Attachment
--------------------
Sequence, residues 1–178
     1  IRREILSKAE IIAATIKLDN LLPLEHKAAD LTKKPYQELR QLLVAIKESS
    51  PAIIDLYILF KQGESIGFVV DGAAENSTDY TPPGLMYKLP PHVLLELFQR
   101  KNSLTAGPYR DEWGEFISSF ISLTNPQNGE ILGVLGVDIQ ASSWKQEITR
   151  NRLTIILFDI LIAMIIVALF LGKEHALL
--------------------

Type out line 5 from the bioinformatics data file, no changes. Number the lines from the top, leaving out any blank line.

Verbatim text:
   151  NRLTIILFDI LIAMIIVALF LGKEHALL